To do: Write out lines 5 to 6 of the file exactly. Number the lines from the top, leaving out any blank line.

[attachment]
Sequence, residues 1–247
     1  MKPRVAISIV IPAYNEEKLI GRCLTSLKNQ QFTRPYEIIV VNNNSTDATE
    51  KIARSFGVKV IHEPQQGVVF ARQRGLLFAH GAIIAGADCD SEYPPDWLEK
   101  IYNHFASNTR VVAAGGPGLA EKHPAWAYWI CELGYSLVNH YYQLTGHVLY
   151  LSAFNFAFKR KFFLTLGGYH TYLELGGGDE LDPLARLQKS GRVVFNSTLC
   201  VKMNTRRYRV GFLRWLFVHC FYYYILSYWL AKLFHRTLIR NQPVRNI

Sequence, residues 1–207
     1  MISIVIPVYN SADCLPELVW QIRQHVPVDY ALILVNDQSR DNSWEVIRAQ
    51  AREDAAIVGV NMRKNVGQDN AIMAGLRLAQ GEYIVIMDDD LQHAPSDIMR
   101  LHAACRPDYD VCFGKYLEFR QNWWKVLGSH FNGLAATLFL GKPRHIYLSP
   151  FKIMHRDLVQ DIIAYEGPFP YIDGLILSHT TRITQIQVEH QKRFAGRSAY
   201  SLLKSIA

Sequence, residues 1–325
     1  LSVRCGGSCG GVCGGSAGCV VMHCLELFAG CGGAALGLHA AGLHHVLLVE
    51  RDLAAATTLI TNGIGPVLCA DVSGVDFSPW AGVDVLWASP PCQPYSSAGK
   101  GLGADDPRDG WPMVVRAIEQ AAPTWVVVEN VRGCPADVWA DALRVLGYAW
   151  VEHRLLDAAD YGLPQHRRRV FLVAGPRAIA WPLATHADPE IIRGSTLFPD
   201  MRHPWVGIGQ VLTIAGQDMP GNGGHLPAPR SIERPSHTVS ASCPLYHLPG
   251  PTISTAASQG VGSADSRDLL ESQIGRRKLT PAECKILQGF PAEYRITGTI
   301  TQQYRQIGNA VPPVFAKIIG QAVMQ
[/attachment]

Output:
   151  LSAFNFAFKR KFFLTLGGYH TYLELGGGDE LDPLARLQKS GRVVFNSTLC
   201  VKMNTRRYRV GFLRWLFVHC FYYYILSYWL AKLFHRTLIR NQPVRNI